Microvascular Structural Alterations and Tissue Perfusion in Hypertension/Diabetes
The development of structural changes in the systemic vasculature is the end result of established hypertension. Indeed, in essential hypertension, small arteries smooth muscle cell are restructured around a smaller lumen and no net growth of the vascular wall is present, while in some secondary forms of hypertension, as well as in non-insulin-dependent diabetes mellitus, a hypertrophic remodelling of subcutaneous small arteries may be detected. Indices of small resistance artery structure, such as the tunica media to internal lumen ratio, may have a strong prognostic significance in hypertensive and diabetic patients, over and above all other known cardiovascular risk factors.
In addition, in both pathological conditions, capillary rarefaction may be observed. So, the presence of morphological alteration in the microvasculature may be associated to an impaired tissue perfusion and/or to the development of target organ damage.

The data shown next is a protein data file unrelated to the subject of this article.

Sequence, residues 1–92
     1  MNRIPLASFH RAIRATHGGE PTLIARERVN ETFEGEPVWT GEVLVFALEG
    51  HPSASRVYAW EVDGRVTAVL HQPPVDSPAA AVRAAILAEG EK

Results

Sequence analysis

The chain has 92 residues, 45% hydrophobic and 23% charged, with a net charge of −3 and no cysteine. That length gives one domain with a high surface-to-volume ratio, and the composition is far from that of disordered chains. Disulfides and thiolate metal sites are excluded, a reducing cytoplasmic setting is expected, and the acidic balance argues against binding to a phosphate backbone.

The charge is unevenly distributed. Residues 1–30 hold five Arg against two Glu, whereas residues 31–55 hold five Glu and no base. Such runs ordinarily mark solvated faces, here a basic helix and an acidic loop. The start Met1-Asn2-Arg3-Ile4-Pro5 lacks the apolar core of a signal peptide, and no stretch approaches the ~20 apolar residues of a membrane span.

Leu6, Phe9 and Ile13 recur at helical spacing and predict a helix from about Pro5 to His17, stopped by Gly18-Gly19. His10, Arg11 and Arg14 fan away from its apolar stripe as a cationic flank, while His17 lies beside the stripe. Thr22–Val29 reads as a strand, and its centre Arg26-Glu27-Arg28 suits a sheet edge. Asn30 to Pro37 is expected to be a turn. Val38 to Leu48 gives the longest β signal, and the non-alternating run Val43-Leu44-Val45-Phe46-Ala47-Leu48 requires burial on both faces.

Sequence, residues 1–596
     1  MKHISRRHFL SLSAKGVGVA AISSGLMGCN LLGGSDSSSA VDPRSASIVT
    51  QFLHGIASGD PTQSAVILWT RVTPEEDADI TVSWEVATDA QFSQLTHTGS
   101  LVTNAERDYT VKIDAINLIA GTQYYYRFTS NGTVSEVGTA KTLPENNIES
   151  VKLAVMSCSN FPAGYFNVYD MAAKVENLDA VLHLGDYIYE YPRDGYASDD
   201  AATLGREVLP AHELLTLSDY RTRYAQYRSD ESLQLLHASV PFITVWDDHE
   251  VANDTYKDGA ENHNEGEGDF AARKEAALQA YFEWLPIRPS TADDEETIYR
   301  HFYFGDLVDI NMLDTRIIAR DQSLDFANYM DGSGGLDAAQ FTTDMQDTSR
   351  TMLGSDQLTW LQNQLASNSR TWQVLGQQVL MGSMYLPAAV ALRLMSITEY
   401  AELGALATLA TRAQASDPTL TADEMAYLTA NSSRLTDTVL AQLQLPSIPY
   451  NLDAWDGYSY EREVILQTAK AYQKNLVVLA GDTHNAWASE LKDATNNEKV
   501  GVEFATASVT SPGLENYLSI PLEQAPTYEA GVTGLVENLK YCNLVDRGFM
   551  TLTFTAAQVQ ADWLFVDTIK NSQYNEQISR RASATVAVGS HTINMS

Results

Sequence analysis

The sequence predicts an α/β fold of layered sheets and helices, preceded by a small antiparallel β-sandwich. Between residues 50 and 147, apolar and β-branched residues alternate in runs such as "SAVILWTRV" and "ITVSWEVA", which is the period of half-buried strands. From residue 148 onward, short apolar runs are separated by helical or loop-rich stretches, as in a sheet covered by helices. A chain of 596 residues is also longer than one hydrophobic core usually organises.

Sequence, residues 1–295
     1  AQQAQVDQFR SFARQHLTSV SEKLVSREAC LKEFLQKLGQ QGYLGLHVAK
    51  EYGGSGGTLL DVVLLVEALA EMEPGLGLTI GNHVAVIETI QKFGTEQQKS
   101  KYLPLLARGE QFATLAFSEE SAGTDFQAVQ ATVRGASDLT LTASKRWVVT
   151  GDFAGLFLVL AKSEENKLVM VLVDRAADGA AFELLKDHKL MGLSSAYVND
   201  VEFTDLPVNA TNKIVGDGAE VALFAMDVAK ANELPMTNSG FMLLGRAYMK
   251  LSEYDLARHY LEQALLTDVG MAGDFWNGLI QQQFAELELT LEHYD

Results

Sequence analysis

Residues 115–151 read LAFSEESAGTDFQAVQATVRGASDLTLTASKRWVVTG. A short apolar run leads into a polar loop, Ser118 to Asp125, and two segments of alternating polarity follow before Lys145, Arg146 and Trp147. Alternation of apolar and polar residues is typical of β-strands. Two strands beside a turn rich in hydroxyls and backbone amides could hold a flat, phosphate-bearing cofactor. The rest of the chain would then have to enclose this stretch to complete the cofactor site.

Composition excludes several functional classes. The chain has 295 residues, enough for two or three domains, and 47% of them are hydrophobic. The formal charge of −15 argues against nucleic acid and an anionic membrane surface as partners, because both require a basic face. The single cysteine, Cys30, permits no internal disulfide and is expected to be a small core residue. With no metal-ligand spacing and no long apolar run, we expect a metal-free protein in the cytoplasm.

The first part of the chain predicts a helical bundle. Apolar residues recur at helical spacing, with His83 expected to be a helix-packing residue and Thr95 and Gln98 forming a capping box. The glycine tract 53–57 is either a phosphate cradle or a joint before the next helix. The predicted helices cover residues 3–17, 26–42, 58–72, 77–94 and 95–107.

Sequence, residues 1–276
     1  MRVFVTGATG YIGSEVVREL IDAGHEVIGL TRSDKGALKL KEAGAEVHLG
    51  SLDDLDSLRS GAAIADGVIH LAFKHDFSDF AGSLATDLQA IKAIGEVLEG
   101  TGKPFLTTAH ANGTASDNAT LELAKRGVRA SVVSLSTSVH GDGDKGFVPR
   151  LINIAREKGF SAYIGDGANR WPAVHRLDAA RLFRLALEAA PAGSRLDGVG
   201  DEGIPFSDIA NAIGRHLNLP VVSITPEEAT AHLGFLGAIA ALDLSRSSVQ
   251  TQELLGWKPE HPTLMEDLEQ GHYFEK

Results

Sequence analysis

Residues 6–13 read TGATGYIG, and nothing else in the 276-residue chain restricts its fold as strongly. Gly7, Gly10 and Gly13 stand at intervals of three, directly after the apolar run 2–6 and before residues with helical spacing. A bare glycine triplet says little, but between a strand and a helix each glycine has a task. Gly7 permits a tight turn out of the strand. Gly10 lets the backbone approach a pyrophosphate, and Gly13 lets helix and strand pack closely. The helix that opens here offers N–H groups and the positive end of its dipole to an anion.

Therefore, regression of vascular alterations is an appealing goal of antihypertensive treatment. Different antihypertensive drugs seem to have different effect on vascular structure. In hypertensive and in diabetic patients a significant regression of structural alterations of small resistance arteries and an increase in capillary density was observed with drugs blocking the renin-angiotensin system as well as with calcium entry blockers.
In conclusion, alterations in the microcirculation represent a common pathological finding, and microangiopathy is one of the most important mechanisms involved in the development of organ damage as well as of clinical events in patients with hypertension and diabetes mellitus. Renin-angiotensin system blockade seems to be particularly effective in inducing a prevention/regression of microvascular structural alterations.
KeywordsMicrocirculation Microvessels Small arteries Capillaries Capillary density Hypertension Diabetes mellitus Haemodynamics Perfusion Remodelling
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